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Philippe Roger, The American Enemy. A Story of French Anti-Americanism (Chicago & London: The University of Chicago Press, 2005, $35.00, 518 pages, ISBN: 0-226-72368-2)—Richard Davis, Université Charles de Gaulle - Lille III



Ask almost any random group of French people if they consider themselves to be pro- or anti-American and the answer would almost certainly reveal an overwhelming majority in favour of the latter. No matter how many McDonalds hamburgers are eaten in France, Levi’s jeans worn, or American films watched, anti-Americanism seems today to have become a constant, a part of what makes France what it is. This is the question that Philippe Roger’s The American Enemy: A Story of Anti-Americanism asks: “Why are the French so anti-American?” [ix]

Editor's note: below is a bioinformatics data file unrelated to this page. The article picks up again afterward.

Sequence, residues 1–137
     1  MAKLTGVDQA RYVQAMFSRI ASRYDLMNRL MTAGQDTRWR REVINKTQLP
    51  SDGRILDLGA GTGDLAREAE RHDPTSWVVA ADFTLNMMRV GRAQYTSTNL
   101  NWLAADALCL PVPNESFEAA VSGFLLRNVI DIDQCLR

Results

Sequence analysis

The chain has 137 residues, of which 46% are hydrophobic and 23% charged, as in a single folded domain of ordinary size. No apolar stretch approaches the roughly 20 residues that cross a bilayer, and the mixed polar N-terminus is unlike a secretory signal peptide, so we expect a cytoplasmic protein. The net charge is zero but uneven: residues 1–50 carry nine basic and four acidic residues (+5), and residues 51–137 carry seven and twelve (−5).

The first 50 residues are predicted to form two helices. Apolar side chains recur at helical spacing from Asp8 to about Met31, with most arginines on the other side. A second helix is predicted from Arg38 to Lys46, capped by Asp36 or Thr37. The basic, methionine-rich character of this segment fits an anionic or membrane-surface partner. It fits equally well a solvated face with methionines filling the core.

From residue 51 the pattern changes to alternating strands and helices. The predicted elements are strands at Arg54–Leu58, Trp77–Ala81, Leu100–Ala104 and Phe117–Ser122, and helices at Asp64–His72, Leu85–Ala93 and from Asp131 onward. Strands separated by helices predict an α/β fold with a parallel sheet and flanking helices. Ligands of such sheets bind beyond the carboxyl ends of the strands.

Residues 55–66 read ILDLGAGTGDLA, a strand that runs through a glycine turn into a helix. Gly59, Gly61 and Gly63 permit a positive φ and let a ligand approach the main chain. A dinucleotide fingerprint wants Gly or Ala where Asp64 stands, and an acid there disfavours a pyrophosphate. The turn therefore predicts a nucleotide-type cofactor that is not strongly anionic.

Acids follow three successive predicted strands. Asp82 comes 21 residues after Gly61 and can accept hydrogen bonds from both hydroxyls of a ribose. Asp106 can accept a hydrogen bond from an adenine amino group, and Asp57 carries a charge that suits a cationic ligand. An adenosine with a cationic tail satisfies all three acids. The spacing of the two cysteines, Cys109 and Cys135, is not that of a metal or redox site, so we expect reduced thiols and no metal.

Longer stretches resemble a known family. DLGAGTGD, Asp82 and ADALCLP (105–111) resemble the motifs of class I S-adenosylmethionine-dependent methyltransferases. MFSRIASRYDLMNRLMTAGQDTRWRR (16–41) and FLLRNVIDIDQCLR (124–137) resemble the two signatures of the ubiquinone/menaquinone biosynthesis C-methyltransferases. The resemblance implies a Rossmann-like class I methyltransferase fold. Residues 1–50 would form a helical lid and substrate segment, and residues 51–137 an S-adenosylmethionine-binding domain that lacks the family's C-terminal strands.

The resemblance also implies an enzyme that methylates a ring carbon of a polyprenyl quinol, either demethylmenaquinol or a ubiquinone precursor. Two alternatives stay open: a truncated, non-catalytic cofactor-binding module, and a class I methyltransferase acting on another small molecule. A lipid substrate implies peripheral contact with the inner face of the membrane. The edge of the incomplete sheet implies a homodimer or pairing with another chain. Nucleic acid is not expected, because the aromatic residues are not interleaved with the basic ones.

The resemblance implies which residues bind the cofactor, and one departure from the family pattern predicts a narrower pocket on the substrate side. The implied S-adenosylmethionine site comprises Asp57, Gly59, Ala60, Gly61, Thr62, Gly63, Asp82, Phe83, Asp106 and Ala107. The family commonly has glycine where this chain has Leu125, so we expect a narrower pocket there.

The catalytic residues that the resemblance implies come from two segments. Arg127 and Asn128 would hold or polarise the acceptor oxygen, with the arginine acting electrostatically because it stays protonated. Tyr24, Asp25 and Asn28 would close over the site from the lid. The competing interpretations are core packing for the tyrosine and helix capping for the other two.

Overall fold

For the author this is perplexing. There is an “extreme paradox” [ix], he argues: France may never have actually fought militarily against the United States, unlike the British, Germans, Spanish or Italians, but it is in France that anti-Americanism is most strident. Thus, in his introduction, he defines anti-Americanism as “a long war of words (and images) that France has been waging against the United States” [xv]. His terms of reference, his “fundamental choice of approach” [xvii], are also clearly given at the outset when he promises to “keep to the disagreeable side of Franco-American relations, where the punches are thrown and the low blows dealt.” “We will,” he promises, “hang out dirty washing that has never seen the end of the wash” [xv], and hang out the dirty washing he certainly does. At the outset he warns that any “kinder, gentler readers of America will [...] be relegated to the sidelines of our investigation or treated obliquely” [xvii]. In this, his book lives up to its title. The rare mentions given to any possible evidence of Franco-American friendship are shown simply as a counterfoil, there to be ridiculed. The Statue of Liberty, for example, offered by France to the United States, is simply a reminder that “there is nothing so devastating as an unwanted gift” [102].